Land More Writing Projects, Earn More Money
We moved into our house 10 years ago. At the time, I made one promise: “I’m never moving again.”
“Why move?,” I thought. “The neighborhood is great, the schools are nearby, and the house has everything we want.”
Besides, it was such an ordeal to move last time that I did the math and quickly determined that anything was preferable to packing boxes, painting bedrooms, and trapping whatever appears to be living beneath the back deck.
But after a few years, the negative aspects of moving fade. Before you know it, you’ve forgotten what a nightmare it is and you’re excited about the new adventure.
Which is why last weekend, on a recommendation from a neighbor, we wandered over to a new development going up on the other side of town.
Wow. Pretty much everything we’d hoped for in our quest to downsize, including a price that seemed about right. We put down a deposit right then and there.
As we drove away, we had two decisions to make:
Decision #1: Which model did we want? The builder offers four choices — A, B, C, D — each varying in layout, square footage, and price.
Decision #2: How much of the basement do we want to finish? They charge $44 per square foot and they’ll build out as much as you like. (I suggested one square foot, just for its conversation value, but my wife rolled her eyes. Women, huh?)
Here’s the interesting thing:
Decision #1 — a decision worth several hundred thousand dollars — was easy. It took us about 15 minutes to choose model D.
Decision #2, on the other hand, one which will cost between $12,000 and $15,000, is still an open question a week later … 300 square feet? 320? 285? We’re not sure.
Don’t you find that odd? Why is it so much harder to settle on a (relatively) teeny number than on a great big one?
I have a theory, and it has everything to do with how you price your services and how easy — or hard — you make it for people to hire you.
Decision #1 is a flat-fee; one price gives us everything in the package. It’s a big number, but it’s a straightforward, yes/no decision. It feels satisfying to make it and once we do, we’re done thinking about the money.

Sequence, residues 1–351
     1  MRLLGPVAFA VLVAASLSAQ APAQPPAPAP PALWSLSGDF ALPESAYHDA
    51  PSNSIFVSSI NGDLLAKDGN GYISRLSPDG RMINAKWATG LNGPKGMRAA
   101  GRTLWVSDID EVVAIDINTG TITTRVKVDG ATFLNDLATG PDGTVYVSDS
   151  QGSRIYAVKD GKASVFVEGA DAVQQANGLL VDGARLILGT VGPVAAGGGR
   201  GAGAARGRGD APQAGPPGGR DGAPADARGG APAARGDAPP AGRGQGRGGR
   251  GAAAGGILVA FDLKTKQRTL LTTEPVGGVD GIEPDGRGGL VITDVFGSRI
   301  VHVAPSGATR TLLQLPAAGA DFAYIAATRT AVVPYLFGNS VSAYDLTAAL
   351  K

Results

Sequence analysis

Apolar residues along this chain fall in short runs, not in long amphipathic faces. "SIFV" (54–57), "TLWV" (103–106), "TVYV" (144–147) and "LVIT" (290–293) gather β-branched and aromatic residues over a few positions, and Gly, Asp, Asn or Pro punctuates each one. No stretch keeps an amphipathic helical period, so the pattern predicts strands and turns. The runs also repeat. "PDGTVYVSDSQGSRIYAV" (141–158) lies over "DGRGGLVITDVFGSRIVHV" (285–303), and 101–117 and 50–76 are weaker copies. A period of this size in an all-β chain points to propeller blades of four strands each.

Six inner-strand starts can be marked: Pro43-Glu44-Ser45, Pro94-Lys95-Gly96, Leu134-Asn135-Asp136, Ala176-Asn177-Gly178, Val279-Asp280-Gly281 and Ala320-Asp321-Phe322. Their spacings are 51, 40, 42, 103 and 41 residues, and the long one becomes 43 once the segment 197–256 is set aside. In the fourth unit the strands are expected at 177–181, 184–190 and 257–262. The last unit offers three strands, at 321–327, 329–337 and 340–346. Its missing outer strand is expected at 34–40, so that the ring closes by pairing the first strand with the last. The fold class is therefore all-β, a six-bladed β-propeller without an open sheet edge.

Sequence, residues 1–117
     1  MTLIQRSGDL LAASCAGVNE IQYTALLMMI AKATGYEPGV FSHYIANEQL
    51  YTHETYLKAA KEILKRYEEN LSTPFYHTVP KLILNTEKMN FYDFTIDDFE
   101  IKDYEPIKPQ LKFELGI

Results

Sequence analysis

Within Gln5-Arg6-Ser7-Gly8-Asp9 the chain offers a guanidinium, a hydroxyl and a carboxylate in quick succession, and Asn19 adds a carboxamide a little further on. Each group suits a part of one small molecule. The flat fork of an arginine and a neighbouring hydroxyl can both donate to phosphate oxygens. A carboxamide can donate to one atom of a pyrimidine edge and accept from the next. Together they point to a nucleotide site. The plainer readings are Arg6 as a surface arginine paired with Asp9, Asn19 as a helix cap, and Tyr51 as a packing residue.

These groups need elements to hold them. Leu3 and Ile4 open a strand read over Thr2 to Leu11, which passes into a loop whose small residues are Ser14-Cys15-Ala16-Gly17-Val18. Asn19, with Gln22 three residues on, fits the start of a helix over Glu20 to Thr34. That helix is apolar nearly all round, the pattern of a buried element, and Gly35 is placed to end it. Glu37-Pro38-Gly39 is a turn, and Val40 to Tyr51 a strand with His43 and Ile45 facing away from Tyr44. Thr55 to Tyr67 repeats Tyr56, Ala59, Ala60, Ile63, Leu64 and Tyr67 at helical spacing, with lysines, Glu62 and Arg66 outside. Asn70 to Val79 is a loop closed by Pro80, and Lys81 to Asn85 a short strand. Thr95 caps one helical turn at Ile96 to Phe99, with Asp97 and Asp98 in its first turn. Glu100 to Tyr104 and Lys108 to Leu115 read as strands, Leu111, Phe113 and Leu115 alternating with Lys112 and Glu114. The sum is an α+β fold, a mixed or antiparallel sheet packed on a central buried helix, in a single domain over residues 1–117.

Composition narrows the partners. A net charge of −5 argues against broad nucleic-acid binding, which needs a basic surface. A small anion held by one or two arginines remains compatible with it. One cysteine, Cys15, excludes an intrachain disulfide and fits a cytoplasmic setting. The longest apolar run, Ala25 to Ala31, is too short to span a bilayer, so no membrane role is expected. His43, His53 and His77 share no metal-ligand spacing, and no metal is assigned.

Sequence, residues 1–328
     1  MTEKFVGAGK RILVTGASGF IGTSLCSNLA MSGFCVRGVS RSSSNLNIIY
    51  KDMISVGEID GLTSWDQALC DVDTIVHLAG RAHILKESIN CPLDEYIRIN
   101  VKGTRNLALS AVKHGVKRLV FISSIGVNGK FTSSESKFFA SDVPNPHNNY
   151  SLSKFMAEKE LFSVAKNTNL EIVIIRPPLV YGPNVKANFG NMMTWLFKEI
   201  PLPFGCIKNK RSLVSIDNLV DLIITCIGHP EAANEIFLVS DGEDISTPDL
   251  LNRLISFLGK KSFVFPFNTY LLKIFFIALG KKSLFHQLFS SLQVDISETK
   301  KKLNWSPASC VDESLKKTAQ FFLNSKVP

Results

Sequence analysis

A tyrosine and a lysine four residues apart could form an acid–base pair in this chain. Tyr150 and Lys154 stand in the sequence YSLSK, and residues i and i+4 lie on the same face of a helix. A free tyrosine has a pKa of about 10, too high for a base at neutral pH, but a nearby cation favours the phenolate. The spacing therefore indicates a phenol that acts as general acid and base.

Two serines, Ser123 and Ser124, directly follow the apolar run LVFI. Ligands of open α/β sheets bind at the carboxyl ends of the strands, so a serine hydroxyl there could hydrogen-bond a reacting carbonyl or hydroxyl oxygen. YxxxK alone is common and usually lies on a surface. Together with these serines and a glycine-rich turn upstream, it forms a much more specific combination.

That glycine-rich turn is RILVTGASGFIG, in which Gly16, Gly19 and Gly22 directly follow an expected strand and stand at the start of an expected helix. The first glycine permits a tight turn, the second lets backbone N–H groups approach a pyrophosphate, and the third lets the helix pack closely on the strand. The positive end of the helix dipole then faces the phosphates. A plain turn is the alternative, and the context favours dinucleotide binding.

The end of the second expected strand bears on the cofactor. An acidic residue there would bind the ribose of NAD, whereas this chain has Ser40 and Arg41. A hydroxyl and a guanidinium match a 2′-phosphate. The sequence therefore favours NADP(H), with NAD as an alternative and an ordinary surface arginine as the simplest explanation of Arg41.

Decision #2, on the other hand, is a sliding scale of infinite variation. It offers more choice, certainly, but it also offers more doubt. It’s up to us to figure out where to land on the continuum that runs from finishing zero square feet to finishing the entire basement.
The pricing strategy is better
I’ve long encouraged writers to use flat-fee pricing over hourly. For any number of reasons, it’s better for you and it’s better for your clients.
But it wasn’t until our house-hunting experience last weekend that I realized one additional benefit:
Flat-fee pricing makes the buying decision easier for your prospective clients — even if the number they’ll end up paying is considerably larger than if they bought the same thing on an hourly basis.
Take a minute, please, to read that last sentence again; it’s the big idea in this post.
With flat-fee pricing, prospects take action more quickly and feel more satisfaction during the course of the project. Money is a simple, one-time decision.
Hourly pricing, on the other hand, is more like our basement build-out choice:
First, your prospects have to decide if your hourly fee feels appropriate. Didn’t you pause a few paragraphs back and wonder if $44 per square foot seems reasonable?
Next, they wonder how many of those hours they’ll have to buy to get the job done.
Finally, and throughout the course of the project, they’re constantly adding up the time and doing the math.
So, here is your first, most important step in closing more projects and making more money: Develop “packages” for the work you do.
For example, an e-mail newsletter package may include:
- Identifying and specifying the target newsletter reader, voice, and overall goals.
- Developing a list of future topics
- Managing the design, set up, and publication process
- Developing content on an ongoing, monthly basis
- All-inclusive fee: $XXX.XX per month
A few things worth noting …
First, a strong package includes more than just writing. That’s the final output, yes, but don’t overlook the value you provide in helping your client clarify what needs to be written (prior to your putting your hands on a keyboard), as well as managing the details in the background.
Second, when you offer flat-fee pricing, you need to establish some boundaries. In this example, you are offering production of a monthly newsletter. Other writing or more frequent publication is not included. This type of specificity ensures that the scope doesn’t get out of hand.
Finally, flat-fee, project-based pricing doesn’t work in all cases; plenty of jobs and projects, by their very nature, demand an hourly structure. But plenty of others don’t.
So here’s my advice: Try and create and offer flat-fee packages and programs, even if some of your other work remains hourly. You’ll land more projects and earn more, more easily. And, the people who hire you will be more satisfied with the result.
Gotta go. Those moving boxes aren’t going to pack themselves!
Do you have any questions about using flat-fee package pricing to build the writer’s life? Please share them below so we can help.
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